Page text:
After arriving and finding out that I had made it but my luggage hadn't our local guide Abdu helped my fill out a report and they looked it up on the computer and found out my luggage was still in Istanbul and it would arrive tomorrow morning- no big deal as I had all I needed for emergency purposes in my tote bag carry on (phone charger, camera, change of underwear LOL) - so we took a hotel transit bus to the hotel and caught a few hours of sleep before going out to get lunch - which also turned out to be dinner in my case as I hit the wall and crashed later in the day around 6:30. I slept from 6:30 to 4:30 the next morning and then I was on schedule for the rest of the trip... it ended up working out really well since I had to leave at 7:30 for the airport to reclaim my delayed luggage.
I got tons of help doing that from a guy in the lost luggage office who shepherded me through the process and pushed us past the hordes of people waiting to exit customs. I waited in the car while Abdu and Alexy rounded up four more people who were arriving that morning for the trip.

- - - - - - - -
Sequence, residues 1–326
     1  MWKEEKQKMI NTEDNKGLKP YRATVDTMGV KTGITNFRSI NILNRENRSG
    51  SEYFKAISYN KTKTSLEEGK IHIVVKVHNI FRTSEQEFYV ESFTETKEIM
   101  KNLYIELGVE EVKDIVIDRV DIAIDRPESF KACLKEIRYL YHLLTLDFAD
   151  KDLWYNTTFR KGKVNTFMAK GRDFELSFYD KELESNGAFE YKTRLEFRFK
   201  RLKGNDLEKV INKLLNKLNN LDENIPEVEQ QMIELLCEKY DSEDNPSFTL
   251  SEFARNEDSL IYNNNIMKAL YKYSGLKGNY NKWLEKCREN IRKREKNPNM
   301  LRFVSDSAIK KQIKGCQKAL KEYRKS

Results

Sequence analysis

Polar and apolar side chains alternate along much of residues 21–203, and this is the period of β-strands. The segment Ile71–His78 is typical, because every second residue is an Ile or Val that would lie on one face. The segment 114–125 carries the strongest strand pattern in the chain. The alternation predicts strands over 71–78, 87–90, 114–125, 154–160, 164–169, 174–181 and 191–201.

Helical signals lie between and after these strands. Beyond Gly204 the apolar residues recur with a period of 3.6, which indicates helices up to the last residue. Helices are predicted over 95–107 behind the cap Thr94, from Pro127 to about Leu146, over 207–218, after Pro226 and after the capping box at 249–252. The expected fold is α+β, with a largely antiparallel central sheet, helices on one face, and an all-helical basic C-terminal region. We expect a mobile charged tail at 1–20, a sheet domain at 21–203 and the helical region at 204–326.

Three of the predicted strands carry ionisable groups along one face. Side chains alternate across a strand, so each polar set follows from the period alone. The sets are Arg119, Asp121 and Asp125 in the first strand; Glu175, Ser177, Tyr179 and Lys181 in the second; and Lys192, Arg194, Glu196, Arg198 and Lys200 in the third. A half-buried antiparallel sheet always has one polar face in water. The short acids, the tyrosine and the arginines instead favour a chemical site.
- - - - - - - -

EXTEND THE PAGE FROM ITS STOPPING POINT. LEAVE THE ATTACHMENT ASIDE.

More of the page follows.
We set the meeting for 11 AM that morning to official start the trip.
Let me backtrack a little and tell you that I called immediately upon reading the write up of this one time (first time) trip offered to Uzbekistan with the author of Samarkand (a travelogue/cookbook) Caroline Eden. I was the third person who signed up - in July 2016 - and they would go with four passengers - up to twelve... and then the three of us (I didn't know anything about the other two) waited until December for the fourth person - but between December and the March departure, eight more people signed on for this culinary exploration of ("if you only go to one of the five stans make it Uzbekistan" said anyone I talked to who had done all five of them) Uzbekistan!